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Footsteps Through Time - A History of Travel and Tourism to the Victoria Falls

To The Victoria Falls

Development of Rhodesia

The Matabele Wars

The name Bulawayo comes from the name of the Zulu King Chaka’s kraal: GuBulawayo – translated as ‘he who has been hunted down to be killed’, although it is nowdays more commonly translated as 'the place of slaughter'. When Lobengula, the son of Mzilikazi, came to power after a bitter civil war, he remembered the name of the old kraal in Natal, and decided to call his capital by the same title, since, he is claimed to have said, "I have been injured by my people".

Ransford (1968) recorded:

After Lobengula became King of the Matabele in 1870 he departed from his fathers’ custom by allowing a number of white men to live in the vicinity of his chief kraal. Major Stabb tells us that in 1875 there were about a dozen white traders, concession-seekers, and hunters, as well as some general hangers-on, living outside Old Bulawayo, which was some 12 miles south of the present city. Some of them had put up quite pretentious homes for themselves: thus Mr H Greite lived ‘in a large one-storey cottage constructed in stone’ which he later sold to the Jesuit missionaries for £500, while another trader named Martin occupied a comfortable house on top of Lion’s Kopye a mile or two away.

When Lobengula moved his capital to the hill of Umhlabatini, which today bears the buildings of Government House, he allotted an area on the other side of the Amajoda stream (now called the Bulawayo spruit) as a concession where Europeans might live. There, James Fairbairn built a residence which he grandiloquently named ‘New Valhalla’. Close by and overlooking the spruit stood the compound of his partners, the Dawson brothers: it contained several buildings including a well-built brick store house with a corrugated iron roof; beyond it James Dawson farmed a long strip of land adjoining the perennial stream. Towards the end of 1888 the Rev James Smith Moffat settled down nearby: he lived in a tent at first but soon replaced this with a mud hut. Captain Ferguson who visited Bulawayo in 1890 writes of other Europeans’ huts nearby which were ‘surrounded by ring fences of thorny mimosa bush’. We know that the largest compound belonged to the British South Africa Company and that it was three-quarters of a mile from the Matabele town; near to it were the enclosures of the Bechuanaland Exploration Company in which lived E A Maund and another one set up by Edward Renny-Tailour, which according to Mrs Lippet actually boasted a water-closet. When Mrs Lippet paid her visit to Matabeleland in 1891 she found Johan Colenbrander and his wife were camping out on the Umvutcha Road, some four miles north of Bulawayo, but a year or so later Colenbrander too put up a cottage beside the Chartered Company’s thatched hut.

Some traders and hunters however, were content to live in their wagons at 'White Man’s Camp'. Moreover some of the more permanent residents changed their quarters and moved to other compounds when Lobengula’s grant of the Rudd Concession sparked off all sorts of company amalgamations and changes of allegiance.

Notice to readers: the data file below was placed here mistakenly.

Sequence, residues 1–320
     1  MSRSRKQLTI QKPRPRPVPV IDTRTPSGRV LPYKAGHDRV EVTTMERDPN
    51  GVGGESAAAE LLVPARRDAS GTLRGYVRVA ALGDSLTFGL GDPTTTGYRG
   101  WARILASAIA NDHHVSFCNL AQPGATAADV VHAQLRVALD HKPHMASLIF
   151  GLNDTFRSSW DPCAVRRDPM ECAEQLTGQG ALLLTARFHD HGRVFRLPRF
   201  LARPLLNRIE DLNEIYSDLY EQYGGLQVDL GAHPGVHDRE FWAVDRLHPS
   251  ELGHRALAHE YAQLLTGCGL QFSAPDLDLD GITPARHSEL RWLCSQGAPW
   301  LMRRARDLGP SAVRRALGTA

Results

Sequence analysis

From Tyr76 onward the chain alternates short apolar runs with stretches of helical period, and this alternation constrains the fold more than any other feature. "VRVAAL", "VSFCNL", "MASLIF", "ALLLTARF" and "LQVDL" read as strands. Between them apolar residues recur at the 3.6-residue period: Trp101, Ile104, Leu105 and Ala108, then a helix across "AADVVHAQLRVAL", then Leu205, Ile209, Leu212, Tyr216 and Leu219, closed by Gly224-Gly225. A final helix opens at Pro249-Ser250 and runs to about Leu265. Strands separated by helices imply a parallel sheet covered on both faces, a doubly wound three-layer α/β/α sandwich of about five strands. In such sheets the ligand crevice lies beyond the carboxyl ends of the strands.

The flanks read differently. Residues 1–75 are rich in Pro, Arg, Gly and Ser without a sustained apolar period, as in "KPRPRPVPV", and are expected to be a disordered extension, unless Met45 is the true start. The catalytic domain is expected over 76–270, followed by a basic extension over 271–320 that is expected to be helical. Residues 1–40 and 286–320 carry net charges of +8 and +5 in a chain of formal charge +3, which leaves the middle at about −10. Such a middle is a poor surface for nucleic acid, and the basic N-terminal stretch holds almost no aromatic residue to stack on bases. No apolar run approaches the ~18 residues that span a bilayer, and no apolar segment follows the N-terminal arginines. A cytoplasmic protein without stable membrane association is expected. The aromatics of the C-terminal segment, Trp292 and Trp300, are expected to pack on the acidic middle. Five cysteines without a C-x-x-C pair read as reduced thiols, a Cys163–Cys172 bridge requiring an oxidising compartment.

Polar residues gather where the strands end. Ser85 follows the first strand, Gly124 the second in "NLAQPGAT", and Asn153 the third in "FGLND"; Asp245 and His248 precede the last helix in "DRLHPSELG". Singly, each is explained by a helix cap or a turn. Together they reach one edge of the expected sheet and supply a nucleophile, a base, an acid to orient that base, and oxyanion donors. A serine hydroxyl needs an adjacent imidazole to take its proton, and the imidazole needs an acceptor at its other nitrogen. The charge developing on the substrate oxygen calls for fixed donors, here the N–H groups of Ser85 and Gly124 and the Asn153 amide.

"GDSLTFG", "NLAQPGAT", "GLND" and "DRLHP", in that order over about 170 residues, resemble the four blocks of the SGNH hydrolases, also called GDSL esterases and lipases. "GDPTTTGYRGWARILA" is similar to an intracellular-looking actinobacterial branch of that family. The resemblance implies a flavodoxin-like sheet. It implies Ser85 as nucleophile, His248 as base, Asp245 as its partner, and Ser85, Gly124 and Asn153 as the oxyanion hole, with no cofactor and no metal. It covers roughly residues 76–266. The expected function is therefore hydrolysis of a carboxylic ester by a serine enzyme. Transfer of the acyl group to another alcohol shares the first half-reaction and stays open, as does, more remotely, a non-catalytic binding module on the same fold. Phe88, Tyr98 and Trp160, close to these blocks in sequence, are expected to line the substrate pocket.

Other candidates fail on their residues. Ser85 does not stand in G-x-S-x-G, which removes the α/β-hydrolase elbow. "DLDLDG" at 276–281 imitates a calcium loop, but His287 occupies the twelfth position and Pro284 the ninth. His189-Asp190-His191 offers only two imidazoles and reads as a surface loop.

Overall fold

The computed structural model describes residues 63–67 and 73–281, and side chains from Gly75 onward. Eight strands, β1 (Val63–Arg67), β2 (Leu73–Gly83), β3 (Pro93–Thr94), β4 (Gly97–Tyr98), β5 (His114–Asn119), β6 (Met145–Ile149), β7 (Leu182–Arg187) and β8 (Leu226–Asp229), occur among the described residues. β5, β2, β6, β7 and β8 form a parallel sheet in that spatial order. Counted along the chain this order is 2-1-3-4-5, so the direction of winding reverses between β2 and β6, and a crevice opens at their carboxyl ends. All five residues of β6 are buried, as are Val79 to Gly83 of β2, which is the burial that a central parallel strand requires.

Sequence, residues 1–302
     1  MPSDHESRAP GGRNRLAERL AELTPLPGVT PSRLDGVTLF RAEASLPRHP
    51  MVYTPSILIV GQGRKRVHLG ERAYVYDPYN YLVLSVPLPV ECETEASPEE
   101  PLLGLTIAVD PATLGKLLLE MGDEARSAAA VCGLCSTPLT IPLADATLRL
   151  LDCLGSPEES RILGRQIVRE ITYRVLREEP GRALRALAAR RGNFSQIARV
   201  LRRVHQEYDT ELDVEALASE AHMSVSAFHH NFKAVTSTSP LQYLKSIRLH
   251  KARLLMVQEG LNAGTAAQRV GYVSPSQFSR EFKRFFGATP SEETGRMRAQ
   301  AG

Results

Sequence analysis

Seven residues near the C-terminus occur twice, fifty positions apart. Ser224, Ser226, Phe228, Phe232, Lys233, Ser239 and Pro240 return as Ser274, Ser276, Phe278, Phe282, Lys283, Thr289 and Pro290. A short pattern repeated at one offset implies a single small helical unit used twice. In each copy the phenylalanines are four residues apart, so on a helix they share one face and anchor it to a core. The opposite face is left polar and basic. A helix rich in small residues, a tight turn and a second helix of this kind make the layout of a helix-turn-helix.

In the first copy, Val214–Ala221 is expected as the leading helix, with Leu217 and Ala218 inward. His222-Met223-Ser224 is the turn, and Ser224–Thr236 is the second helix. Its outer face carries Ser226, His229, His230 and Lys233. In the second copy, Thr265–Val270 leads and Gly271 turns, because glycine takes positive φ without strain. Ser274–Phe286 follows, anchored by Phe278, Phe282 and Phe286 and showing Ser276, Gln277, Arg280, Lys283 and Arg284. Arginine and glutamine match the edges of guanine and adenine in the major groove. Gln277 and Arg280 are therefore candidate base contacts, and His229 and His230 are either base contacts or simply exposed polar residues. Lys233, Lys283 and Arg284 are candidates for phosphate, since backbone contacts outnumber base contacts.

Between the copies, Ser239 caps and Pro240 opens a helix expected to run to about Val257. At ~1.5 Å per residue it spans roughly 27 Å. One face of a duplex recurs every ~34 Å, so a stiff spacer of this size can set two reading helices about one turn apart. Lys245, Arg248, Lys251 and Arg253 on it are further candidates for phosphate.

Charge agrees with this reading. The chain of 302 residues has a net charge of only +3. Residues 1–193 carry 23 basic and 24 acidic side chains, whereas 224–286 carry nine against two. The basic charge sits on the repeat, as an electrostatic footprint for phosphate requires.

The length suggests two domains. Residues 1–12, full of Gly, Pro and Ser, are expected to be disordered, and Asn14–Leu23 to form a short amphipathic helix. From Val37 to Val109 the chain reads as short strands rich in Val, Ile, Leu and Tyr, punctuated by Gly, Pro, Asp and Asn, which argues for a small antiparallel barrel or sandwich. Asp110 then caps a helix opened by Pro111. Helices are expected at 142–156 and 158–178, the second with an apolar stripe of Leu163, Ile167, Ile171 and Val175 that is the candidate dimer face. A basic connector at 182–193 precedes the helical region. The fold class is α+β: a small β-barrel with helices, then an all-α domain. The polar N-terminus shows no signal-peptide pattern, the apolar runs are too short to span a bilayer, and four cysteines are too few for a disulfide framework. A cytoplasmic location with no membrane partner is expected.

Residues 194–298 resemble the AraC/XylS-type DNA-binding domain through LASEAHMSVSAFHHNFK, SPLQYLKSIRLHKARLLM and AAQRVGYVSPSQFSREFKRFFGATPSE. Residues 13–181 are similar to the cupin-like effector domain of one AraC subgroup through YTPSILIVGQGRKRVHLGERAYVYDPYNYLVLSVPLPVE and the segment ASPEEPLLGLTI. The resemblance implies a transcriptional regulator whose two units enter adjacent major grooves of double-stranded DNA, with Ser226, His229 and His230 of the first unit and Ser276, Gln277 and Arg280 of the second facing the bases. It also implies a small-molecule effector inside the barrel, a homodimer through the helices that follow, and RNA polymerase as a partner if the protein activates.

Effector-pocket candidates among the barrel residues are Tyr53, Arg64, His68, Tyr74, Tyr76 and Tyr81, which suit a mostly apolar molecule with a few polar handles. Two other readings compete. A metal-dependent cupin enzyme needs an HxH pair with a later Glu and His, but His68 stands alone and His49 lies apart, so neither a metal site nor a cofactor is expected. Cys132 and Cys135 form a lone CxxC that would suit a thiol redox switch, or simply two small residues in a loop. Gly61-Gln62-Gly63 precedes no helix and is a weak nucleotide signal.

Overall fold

Wagon under attack, 1893 [From The Illustrated London News, Saturday, January, 1893
In 1893, when war clouds began to gather over Matabeleland, many of the Europeans living in the country slupped away to safety. The missionaries at Inyati left for the south; ‘Matabele’ Wilson trekked to Mashonaland; William Tainton, the court interpreter, panicked and one day left Bulawayo hurriedly without the King’s permission; and so the exodus continued. Two weeks after the Fort Victoria ‘incident’ the only Europeans left at Bulawayo were P D Crewe, the Colenbranders, Harry Grant, W Usher, James Fairbairn, and James Dawson. Then Grant succeeded in persuading the King to allow him to leave with some of the royal cattle. Next, on 20th August, Crewe set off to Cape Town on an official mission to carry Lobengula’s case against the Chartered Company to Cape Town and lay it before the British Government. A little later Colenbrander received permission to obtain guns for the Kings impis from Palapye, and finally Dawson got away too, setting out with three Indunas to make contact with the southern column of the white invasion forces.

But the King steadfastly refused to allow either Fairbairn or Usher to leave Bulawayo, explaining that he intented to hold them as hostages until Crewe’s return. And there is no doubt that the lives of these men were in very great danger when Jameson’s column, after sweeping the Matabele impis aside on the Shangani and at Bembesi, approached the capital. But it must be recorded that Lobengula went out of his way to protect his two hostages, even detailing a guard for them when he himself withdrew to Umvutcha; the guard commander had instructions to obtain a note from Usher to say he had carried out his duty, before leaving when the white troops drew near. It is no wonder then that Major Howard, our informant on this matter, remarked that such consideration ‘speaks volumes for Lobengula’, and that ‘Matabele’ Wilson should have written a little later ‘If ever a native deserved to be called the white man’s friend, it was Lobengula... May his spirit still have a good time fluttering over the country he once ruled.’

Following the 'incident' at Fort Victoria, to where a column of troops of the British South Africa Company had been sent from Salisbury in September 1893, the colunm was on the march again. Bound by the orders of Dr Lender Starr Jameson for Bulawayo, where, never a man to miss an opportunity, he intended to use the situation to maximum advantage to subdue Lobengula and the Matablele 'problem' once and for all. The column, defended with Maxim guns and seven-pounder artillery, was easily defended during the occassional engagements with the Matabele impis, whose animal-skin shields and wooden spears offered little hope against these machines of war. There were minor skirmishes along the way, but the Matabele soon learnt to retreat and fight another day rather than to die amongst the hail of bullets.

Strage (1973) records:

The Matabele War – if that is the correct term – consisted of two engagements lasting little more than an hour each, and was adequately summed up as a military history by Hilaire Belloc’s famous couplet:

‘Whatever happens, we have got
The Maxim gun and they have not.’